Maxim Mazumdar

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Maxim Mazumdar
Maxim Mazumdar.jpg
Born 27 January 1952
Mumbai, India
Died 28 April 1988(1988-04-28) (aged 36)[1]
Halifax, Nova Scotia, Canada
Occupation Actor, Playwright, Director
Alma mater Loyola College

Maxim Mazumdar (27 January 1952 – 28 April 1988) was an Indo-Canadian playwright and director. He is known for his one-man show, Oscar Remembered, which tells the story of the Irish playwright Oscar Wilde as seen from the perspective of his lover and nemesis, Lord Alfred Douglas.[citation needed]

Mazumdar is the founder of the Phoenix Theatre in Montreal, Quebec,[2] as well as the Provincial Drama Academy and the Stephenville Theatre Festival in Stephenville, Newfoundland.[3]

Early life[edit]

Maxim Mazumdar was born 27 January 1952 to Millicent and Dr. Mark Mazumdar, a dentist. He grew up in their family home at Charni Road, Mumbai, India. He attended Campion School in Mumbai.[citation needed] During this time, he had roles in several school productions, including Apsalom, Ordeal by Battle, and Oliver Twist, where he played the role of Fagin. In 1969, upon the death of his father, Mazumdar immigrated to Montreal, Quebec, Canada, along with his mother and brother, Malcolm.

Mazumdar enrolled in Loyola College (now part of Concordia University) in Montreal and graduated in 1972, with a BA degree in Communication Arts.[4]

Career[edit]

Towards the end of his last year at Loyola, Mazumdar joined Janet Barkhouse, Jordan Deitcher and Sharron Wall in founding Raven Productions, which over a period of two years presented Shakespeare, Wilde, Coward and Beckett in both traditional venues and as “Salon Theatre" around Montreal. Their 1973 production of Edward Albee's Who’s Afraid of Virginia Woolf, in which Mazumdar played Martha as a man, gained international notoriety after its closing by the author was written about in the New York Times and elsewhere.[5]

Later, Mazumdar co-founded the now-defunct Phoenix Theatre in Montreal. The theatre was intended for English productions. While at Phoenix, he directed and acted in his own works, as well as works by Noël Coward.[6]

It was while at Phoenix, that he wrote Oscar Remembered, a two-act play that examined the friendship between Oscar Wilde and Lord Alfred Douglas. He performed his monologue across the US and Canada, including at the Stratford Festival.[6][7]

After leaving the Phoenix Theatre, he continued to write and direct his own plays, including Rimbaud and Dance for Gods. His works explored various aspects of gay history.[2]

In 1979, while adjudicating at the Newfoundland and Labrador Drama Festival, Mazumdar was impressed with the quality of the local productions and decided to establish the Provincial Drama Academy in Stephenville, Newfoundland, offering theatre training to local youth. That same year, he established the Stephenville Theatre Festival with the aim of bringing a professional theatre experience to the people in western Newfoundland. The Stephenville Theatre Festival was the first professional theatre festival in Newfoundland and Labrador.[8]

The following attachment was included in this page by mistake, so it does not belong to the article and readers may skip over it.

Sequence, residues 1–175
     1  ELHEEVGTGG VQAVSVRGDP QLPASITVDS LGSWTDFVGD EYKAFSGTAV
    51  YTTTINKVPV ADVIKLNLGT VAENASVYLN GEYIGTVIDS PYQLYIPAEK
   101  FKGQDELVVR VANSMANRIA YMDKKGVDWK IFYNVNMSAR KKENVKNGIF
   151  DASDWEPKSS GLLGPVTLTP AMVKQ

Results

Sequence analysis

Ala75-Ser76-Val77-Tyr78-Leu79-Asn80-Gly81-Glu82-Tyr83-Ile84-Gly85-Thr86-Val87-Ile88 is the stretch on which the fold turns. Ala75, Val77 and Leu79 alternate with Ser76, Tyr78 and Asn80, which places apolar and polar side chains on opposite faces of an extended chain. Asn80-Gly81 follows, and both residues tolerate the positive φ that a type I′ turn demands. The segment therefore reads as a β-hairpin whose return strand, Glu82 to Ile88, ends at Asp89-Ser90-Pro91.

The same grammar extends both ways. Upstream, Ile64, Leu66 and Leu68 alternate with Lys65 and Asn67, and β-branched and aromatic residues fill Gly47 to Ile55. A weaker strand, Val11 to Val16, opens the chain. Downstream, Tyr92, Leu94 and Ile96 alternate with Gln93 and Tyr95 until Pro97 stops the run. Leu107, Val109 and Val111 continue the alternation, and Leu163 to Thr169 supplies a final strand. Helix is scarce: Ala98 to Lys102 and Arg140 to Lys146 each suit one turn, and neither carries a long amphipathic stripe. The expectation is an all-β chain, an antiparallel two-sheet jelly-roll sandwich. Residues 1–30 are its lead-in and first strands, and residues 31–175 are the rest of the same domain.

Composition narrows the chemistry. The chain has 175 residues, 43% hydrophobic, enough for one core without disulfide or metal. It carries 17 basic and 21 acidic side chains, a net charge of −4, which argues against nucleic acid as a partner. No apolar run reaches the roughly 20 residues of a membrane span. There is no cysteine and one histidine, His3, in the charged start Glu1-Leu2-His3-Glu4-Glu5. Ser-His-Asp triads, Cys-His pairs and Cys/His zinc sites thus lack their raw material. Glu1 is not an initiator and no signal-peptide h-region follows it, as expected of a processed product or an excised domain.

Over the next nine years, Mazumdar served as artistic director to the festival. During this time, he led the production of several performances in collaboration with director Edmund MacLean and executive producer Cheryl Stagg. Notable productions included Macbeth, Jesus Christ Superstar, The Man Who Came To Dinner, and Cyrano de Bergerac.[9]

Mazumdar united once again with director Jordan Deitcher for two shows in New York City, playing King Lear in Raven’s 1984 production at the Park Royal Theatre, and writing and appearing in the 1985 Off-Broadway world premiere of The Bentley Variations (aka Unholy Trinity), a cabaret about the role and treatment of the visionary in society, based on the works of Eric Bentley.

Death[edit]

Mazumdar died of AIDS in Halifax, Nova Scotia on 28 April 1988.[1] Following his death, his play, Oscar Remembered, was revived at Stratford in 2000.[6]

In Mazumdar's honour, the Alleyway Theatre in Buffalo, New York grants the annual Maxim Mazumdar New Play Competition Award, in remembrance of his contributions to the early growth of Alleyway.[10]

References[edit]

  1. ^ a b "Old Campionites Association (OCA) - Campion School Mumbai Alumni, Student database". Excampionites.com. 2010-01-04. Retrieved 2011-12-26. 
  2. ^ a b "Canadian Theatre Encyclopedia". Canadiantheatre.com. 2009-03-31. Retrieved 2011-12-26. 
  3. ^ "NLAC - Awards - Hall of Honour Award - Archive of Past Inductees". Nlac.ca. Retrieved 2011-12-26. 
  4. ^ "Concordia's Thursday Report". Ctr.concordia.ca. Retrieved 2011-12-26. 
  5. ^ "Author halts Montreal production". Body Politic (11): 4. January 1974. 
  6. ^ a b c "Canadian Theatre Encyclopedia". Canadiantheatre.com. 2010-04-29. Retrieved 2011-12-26. 
  7. ^ Kakutani, Michiko (1981-06-24). "Theater - 'Oscar Remembered' - Review". NYTimes.com. Retrieved 2011-12-26. 
  8. ^ History. "Festival History | Stephenville Theatre Festival". Stf.nf.ca. Retrieved 2011-12-26. 
  9. ^ History. "Festival History | Stephenville Theatre Festival". Stf.nf.ca. Retrieved 2011-12-26. 
  10. ^ "Maxim Mazumdar New Play Competition Guidelines" (PDF). Retrieved 2011-12-26.